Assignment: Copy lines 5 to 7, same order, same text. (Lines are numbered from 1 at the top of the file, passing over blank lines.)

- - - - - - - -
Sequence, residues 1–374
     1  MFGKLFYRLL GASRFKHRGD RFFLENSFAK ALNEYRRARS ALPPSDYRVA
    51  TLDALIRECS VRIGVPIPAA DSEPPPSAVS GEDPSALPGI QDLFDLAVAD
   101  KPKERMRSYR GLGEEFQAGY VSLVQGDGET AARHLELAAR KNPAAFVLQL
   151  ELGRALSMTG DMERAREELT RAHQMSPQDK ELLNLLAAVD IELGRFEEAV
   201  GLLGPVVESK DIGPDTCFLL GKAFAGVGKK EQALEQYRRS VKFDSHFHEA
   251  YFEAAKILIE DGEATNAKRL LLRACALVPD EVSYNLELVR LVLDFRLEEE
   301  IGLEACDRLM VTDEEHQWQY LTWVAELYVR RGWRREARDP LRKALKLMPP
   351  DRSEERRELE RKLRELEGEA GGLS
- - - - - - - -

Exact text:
   151  ELGRALSMTG DMERAREELT RAHQMSPQDK ELLNLLAAVD IELGRFEEAV
   201  GLLGPVVESK DIGPDTCFLL GKAFAGVGKK EQALEQYRRS VKFDSHFHEA
   251  YFEAAKILIE DGEATNAKRL LLRACALVPD EVSYNLELVR LVLDFRLEEE